Pat beef dry with paper towels. Place on baking sheet.
Meanwhile, mix softened butter and mustard together in a small bowl. Spread half of the mixture over one side of the beef with a spatula or spreader. You can use your hands but it gets messy and a lot of butter ends up on your hands and not the beef.
Season the first half with half of the salt and pepper. Add chopped parsley if using.
Turn the beef over. Repeat Steps 3 & 4.
Roast in preheated oven for 25 minutes until thermometer reaches 135° for medium rare. It might take a little longer depending on your oven. If you want rare, roast to 125° and medium 140°.
Remove from oven and rest for approximately 15 minutes. The beef will continue to cook while it rests.
Slice 1/4 to 1/2″ thick. For sandwiches, you can slice it thinner if you prefer.
Clean your oven before roasting as this is a high heat. And i suggest opening a window so as not to set off a smoke alarm.
Serve with Horseradish Dijon sauce or Blue Cheese Spread.
Don’t tent with foil too tightly so that the crust stays crispy.
- Make Ahead Tip: You can roast the beef the day before and bring to room temperature for serving. I usually assemble the sandwiches placing the beef on the rolls for a buffet and have guests add their sauce or spread of choice.
Blue Cheese Dressing
Whether on a salad or as a spread for my beef tenderloin sandwich, this is the blue cheese dressing that screams homemade. Forget the bottle – it comes together in minutes with a ton of flavor and bold seasoning.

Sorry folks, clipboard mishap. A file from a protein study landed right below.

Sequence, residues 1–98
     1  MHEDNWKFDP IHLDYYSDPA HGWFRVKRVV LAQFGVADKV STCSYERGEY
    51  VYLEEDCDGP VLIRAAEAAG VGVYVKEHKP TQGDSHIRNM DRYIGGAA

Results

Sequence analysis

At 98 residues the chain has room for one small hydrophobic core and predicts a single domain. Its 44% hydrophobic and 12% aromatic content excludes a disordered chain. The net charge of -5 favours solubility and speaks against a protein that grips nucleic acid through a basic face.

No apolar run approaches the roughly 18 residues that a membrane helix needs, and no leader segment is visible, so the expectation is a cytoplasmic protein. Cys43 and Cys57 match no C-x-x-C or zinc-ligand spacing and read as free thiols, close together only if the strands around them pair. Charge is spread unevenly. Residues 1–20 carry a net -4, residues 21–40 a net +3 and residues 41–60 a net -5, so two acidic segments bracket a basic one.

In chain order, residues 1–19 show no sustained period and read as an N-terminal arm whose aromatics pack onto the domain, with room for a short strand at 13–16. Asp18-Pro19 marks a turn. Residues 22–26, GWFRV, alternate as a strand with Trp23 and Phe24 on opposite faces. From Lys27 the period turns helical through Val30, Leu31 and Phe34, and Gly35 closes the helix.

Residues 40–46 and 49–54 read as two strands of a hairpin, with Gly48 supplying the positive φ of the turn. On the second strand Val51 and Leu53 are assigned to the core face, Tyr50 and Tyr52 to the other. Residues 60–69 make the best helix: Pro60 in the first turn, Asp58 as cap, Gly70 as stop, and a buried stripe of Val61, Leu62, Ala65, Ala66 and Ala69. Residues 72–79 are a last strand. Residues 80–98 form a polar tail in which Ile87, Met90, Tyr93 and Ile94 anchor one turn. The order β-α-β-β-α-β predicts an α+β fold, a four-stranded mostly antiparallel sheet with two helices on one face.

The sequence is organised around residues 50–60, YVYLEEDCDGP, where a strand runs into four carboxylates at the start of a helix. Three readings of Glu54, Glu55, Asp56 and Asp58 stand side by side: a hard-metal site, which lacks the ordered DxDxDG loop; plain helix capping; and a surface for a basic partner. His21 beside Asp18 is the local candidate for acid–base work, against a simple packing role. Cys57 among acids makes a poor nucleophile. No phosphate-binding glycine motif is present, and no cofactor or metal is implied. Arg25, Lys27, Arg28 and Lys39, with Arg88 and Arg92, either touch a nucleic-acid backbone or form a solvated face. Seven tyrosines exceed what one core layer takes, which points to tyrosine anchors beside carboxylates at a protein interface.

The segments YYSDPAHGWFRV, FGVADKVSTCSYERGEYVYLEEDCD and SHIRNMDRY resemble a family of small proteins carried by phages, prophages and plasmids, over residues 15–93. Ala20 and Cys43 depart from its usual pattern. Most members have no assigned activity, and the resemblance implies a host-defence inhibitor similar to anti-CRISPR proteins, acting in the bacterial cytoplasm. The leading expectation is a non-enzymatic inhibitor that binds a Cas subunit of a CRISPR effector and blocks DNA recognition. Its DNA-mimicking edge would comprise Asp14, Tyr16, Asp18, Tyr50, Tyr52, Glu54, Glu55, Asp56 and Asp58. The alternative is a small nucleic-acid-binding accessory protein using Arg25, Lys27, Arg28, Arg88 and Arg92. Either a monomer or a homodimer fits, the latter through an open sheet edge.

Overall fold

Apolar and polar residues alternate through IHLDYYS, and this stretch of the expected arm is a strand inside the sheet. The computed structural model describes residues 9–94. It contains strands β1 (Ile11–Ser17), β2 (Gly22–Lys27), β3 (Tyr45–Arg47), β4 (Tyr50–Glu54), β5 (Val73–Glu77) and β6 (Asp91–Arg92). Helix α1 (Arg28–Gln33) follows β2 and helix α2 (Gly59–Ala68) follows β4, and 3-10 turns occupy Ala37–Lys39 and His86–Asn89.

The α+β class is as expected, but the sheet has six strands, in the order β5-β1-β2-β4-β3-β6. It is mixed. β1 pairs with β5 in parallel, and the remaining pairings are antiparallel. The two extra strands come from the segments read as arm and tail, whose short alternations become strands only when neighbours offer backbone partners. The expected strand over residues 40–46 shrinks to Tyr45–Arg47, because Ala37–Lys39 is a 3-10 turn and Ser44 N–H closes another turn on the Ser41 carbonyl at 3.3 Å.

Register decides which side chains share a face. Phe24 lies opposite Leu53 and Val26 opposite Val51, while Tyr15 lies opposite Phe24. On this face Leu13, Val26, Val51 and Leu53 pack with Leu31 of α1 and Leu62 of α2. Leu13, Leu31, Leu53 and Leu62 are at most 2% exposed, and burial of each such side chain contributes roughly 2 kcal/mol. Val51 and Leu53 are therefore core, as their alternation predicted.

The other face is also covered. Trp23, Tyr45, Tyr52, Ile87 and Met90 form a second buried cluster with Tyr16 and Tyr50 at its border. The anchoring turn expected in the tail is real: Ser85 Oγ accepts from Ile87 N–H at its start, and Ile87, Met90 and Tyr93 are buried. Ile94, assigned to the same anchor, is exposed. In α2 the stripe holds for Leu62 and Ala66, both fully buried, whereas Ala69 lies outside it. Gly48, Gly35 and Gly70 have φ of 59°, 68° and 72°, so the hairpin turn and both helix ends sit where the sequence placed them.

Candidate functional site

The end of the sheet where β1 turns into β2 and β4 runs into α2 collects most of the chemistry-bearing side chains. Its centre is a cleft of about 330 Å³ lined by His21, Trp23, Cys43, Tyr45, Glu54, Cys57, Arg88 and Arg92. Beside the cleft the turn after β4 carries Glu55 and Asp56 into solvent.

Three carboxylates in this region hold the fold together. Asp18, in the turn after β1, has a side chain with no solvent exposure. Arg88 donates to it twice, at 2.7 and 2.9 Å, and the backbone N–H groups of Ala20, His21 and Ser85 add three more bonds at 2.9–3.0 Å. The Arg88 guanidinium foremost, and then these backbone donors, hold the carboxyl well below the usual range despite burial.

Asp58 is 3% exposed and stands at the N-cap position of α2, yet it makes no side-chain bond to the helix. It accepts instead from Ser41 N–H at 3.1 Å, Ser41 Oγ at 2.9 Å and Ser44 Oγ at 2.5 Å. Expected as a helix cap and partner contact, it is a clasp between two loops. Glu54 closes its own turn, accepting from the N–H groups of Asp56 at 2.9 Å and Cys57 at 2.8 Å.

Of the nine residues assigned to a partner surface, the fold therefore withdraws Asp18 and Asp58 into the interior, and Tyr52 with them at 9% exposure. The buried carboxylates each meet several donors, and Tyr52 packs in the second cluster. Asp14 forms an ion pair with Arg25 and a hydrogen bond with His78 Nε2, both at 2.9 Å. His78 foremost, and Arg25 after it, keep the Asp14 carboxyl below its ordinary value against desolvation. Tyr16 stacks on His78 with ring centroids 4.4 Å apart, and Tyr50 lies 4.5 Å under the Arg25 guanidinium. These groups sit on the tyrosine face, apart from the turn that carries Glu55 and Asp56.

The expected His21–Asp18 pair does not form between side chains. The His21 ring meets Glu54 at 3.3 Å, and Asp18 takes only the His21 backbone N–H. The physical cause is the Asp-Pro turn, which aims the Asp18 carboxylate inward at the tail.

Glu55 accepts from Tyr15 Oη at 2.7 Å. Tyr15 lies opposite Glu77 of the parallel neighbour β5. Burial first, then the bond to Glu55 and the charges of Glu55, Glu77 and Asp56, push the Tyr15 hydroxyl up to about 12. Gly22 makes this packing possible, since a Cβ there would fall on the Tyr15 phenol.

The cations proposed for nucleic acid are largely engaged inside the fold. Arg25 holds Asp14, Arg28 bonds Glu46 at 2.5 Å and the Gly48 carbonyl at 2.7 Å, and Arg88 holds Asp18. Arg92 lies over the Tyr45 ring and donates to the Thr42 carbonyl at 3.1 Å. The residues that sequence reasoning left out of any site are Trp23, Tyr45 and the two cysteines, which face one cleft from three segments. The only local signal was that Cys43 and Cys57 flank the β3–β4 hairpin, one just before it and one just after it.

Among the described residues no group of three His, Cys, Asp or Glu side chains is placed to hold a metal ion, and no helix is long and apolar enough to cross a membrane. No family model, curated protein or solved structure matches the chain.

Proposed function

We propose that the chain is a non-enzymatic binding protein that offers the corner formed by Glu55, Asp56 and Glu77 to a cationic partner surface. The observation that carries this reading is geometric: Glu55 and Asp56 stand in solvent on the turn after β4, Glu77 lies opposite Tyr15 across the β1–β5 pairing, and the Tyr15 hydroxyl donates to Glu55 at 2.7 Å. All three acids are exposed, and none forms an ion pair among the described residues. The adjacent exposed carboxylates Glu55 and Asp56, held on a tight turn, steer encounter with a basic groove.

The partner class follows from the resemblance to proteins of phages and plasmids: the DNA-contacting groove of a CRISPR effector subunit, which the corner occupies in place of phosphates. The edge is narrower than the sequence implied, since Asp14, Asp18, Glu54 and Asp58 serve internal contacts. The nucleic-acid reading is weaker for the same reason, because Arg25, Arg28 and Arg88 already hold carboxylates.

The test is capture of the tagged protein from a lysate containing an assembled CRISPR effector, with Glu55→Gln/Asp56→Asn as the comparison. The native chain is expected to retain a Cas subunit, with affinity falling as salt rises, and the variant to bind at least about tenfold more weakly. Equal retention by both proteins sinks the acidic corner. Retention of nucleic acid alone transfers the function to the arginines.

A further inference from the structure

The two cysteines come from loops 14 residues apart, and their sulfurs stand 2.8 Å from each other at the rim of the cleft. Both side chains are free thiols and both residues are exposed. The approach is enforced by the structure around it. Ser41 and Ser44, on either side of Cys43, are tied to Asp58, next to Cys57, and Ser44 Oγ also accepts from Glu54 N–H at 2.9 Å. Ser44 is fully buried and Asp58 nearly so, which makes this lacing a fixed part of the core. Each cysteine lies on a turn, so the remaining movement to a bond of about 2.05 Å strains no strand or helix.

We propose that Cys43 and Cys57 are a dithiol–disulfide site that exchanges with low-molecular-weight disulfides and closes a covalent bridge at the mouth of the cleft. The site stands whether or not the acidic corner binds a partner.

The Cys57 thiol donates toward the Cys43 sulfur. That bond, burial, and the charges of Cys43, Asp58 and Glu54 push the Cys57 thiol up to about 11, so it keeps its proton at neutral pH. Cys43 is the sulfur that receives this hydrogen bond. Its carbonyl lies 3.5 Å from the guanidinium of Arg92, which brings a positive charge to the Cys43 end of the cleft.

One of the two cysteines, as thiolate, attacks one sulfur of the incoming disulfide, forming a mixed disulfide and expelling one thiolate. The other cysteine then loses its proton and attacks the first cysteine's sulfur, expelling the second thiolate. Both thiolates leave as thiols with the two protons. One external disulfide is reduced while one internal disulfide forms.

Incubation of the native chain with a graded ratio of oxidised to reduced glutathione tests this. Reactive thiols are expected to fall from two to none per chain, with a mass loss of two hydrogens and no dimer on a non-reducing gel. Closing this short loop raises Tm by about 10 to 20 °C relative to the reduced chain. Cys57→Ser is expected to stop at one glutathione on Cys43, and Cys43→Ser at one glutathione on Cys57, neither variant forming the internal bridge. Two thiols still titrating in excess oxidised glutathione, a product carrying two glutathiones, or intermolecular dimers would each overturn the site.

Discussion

- 1/2 cup sour cream Greek yogurt fine as well
- 1/4 cup milk
- 1 tsp worcestershire sauce
- 1 Tbsp mayonnnaise
- 2 oz gorgonzola, maytag or rocquefort blue cheese crumbled
- 3/4 tsp salt
- 1/2 tsp pepper
- 2 tsp lemon juice squeezed from 1/2 of a lemon
- 1 small squirt of sriracha optional
Combine first four ingredients in a medium bowl. Add blue cheese. Stir to combine. Add seasonings and adjust if necessary. For a pop of heat and bite of flavor, add sriracha. Can be made in advance. Refrigerate up to a week.
- Dip / Thicker version: use 1/8 cup of milk
Mustard and Horseradish Sauce
The best bud for steak or a beef sandwich. Adds great flavor and a spicy kick. Adapted from Epicurious.
- 1 cup sour cream Greek yogurt works too
- 3 Tbsp Dijon Mustard
- 2 Tbsp prepared horseradish not sauce; you want just horseradish
- 1 tsp kosher salt
- 1/2 tsp ground black pepper
In a small bowl, mix all ingredients together until combined. Refrigerate until ready to use. Can be made 2 days ahead.